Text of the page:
It’s Frickin’ Cold Out. The Link Between Extreme Weather And Climate Change

A quick guide to why the experts are saying this latest deep freeze isn’t a reason to think we’re safe from global warming.

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A man skis on the street in Kingston, Ontario. The extreme cold is tied to a polar vortex; climate change makes extreme weather more likely

Matthew Rothwell skis between two parks in Kingston, Ontario, on January 30, 2019. (Photo: Lars Hagberg / AFP / Getty Images)

This week’s record-breaking cold temperatures across Canada and the U.S. Midwest have most of us cranking up the heat and wishing we could hibernate. The extreme cold is also sparking calls to step up the fight against manmade climate change from the likes of David Suzuki.

So what does the cold have to do with a warming climate? And how to respond to climate change deniers like Donald Trump, who tweeted this:

Below, more on the recent cold snap and how climate change increases the risk of extreme weather — both hot and cold.

Yes, it’s super cold right now; no, that doesn’t mean global warming isn’t happening

First of all, there’s a difference between weather and climate. The analogy several climate scientists use is that while “weather is like your mood, climate is like your personality.” Weather describes atmospheric conditions at a specific time and place. Climate refers to long-term patterns of weather in a certain area. Another way of looking at it: “climate is what you expect and weather is what you get.” When climatologists talk about global warming, they mean upticks in average surface temperatures worldwide. So while most of North America is enduring more cold than usual, the planet is still getting hotter:

So what’s happening? Are we going to see this extreme weather all the time now?

Climate change research consistently demonstrates rising global temperatures. The last four years are the warmest in recorded history. Climatologists link this warming to increases in carbon dioxide emissions caused by human activity. The effects of climate change can be unpredictable because the planet’s atmosphere is delicately balanced and interconnected. For example, a temperature increase in one part of the world can, paradoxically, lead to more snowstorms elsewhere:

Climate change is creating extreme conditions on both ends of the spectrum. We’re in the midst of a cold snap, but on the other end of the planet, more than 50 wildfires were raging in Tasmania, Australia’s tiniest state. Australia has had eight of its ten hottest summers since 2005. 2018 was the warmest year on record for the Earth’s oceans. These conditions are also contributing to more natural disasters. The 2018 hurricane season in the Pacific and Atlantic Oceans was the most active ever recorded.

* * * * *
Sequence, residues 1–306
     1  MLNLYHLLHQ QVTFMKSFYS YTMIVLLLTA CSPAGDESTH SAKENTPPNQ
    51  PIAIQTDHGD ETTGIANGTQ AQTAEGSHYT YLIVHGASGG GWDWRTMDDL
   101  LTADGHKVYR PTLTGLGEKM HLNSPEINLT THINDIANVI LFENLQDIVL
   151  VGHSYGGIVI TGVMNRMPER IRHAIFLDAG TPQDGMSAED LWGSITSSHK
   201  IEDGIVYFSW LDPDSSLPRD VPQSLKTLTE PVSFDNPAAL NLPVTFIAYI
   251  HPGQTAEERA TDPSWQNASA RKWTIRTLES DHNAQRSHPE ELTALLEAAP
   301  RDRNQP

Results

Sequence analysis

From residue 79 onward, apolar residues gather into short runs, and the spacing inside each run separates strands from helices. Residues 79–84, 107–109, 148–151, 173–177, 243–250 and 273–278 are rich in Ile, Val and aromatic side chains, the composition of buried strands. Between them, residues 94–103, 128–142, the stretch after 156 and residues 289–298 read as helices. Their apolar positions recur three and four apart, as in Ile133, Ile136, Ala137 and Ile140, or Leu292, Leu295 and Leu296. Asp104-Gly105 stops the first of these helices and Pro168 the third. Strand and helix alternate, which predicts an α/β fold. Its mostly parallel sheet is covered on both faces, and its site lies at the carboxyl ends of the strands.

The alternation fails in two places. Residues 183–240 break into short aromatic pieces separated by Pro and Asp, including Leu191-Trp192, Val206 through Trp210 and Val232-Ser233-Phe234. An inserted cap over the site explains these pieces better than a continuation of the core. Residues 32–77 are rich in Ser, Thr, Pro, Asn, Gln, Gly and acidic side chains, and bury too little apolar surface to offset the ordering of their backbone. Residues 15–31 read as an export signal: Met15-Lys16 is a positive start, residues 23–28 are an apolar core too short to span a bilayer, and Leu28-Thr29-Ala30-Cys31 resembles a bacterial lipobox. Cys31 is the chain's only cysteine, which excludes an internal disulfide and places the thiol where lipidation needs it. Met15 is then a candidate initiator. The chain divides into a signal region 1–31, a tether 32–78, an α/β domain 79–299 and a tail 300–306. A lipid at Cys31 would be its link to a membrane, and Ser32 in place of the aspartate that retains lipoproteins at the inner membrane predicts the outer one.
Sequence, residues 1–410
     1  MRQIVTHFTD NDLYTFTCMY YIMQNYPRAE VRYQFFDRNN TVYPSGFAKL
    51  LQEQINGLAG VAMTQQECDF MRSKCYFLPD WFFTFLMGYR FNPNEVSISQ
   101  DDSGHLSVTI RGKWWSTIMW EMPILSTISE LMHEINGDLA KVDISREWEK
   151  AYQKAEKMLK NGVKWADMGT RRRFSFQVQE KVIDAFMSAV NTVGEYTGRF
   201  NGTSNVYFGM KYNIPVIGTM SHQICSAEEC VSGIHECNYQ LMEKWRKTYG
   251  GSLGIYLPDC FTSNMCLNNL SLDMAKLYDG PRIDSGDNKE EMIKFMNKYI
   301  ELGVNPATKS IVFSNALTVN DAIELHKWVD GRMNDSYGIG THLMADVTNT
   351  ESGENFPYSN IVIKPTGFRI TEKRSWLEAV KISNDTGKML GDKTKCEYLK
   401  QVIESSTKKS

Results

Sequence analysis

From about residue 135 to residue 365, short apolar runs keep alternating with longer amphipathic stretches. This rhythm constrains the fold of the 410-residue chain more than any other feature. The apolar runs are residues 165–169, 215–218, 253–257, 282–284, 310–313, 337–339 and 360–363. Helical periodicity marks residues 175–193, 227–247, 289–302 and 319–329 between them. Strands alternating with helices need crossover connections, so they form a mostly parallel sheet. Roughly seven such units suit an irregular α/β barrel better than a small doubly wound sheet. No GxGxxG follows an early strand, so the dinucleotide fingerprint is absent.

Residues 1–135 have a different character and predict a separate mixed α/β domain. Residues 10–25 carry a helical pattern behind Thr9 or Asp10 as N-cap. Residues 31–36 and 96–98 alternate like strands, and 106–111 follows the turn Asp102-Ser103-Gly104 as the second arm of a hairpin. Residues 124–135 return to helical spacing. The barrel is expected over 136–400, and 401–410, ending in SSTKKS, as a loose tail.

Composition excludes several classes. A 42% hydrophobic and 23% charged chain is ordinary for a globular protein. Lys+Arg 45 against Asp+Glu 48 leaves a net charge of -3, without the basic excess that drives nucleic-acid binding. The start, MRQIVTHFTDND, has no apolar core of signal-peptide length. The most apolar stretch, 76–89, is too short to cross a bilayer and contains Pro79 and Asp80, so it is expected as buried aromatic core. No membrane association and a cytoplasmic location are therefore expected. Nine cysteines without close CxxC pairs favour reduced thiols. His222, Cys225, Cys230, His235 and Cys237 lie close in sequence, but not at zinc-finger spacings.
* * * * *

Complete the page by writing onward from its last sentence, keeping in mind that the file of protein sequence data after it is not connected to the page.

Complicating things further is the phenomenon known as the polar vortex.

What is a polar vortex?

Rings of wind in the Earth’s stratosphere surround both poles and trap their cold air. But the rings sometimes split apart, allowing the cold to escape – which is what happened this January:

Polar vortexes have always been around but their breakdowns in the northern hemisphere — which send cold south — are getting more frequent. Scientists don’t yet share a consensus as to why; some point to climate change as the cause. What we do know is that polar vortex breakdowns are contributing to shorter and more intense winters.

Cities in the U.S. Midwest are taking the brunt of the polar vortex schism this week, with Chicago recording temperatures lower than Antarctica on Wednesday. Chicagoans took a brief break from their misery to indulge in a hallowed extreme cold ritual:

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The Mpemba Effect #chicagoweather #polarvortex2019

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People across North America – from Winnipeg to Pennsylvania – are joining in:

How extreme weather is affecting Canada

With Environment Canada issuing dozens of extreme weather warnings coast to coast, it’s easy to forget all the heat records shattered in 2018. B.C. suffered its worst-ever fire season last year; Montreal had its warmest July in almost a century, resulting in at least 53 heat-related deaths. Halifax experienced two straight weeks with highs of up to 25 degrees Celsius during its summer heat wave, surpassing a record that stood since 1876. The big picture isn’t any better. Nationwide, the insured losses of natural catastrophic events like the 2016 Fort McMurray wildfire have ballooned from an average of $405 million in 1983-2008 to $1.8 billion today. This cold snap will pass, but Canada still faces warming at around twice the global rate, a sobering reminder that the time for action is now.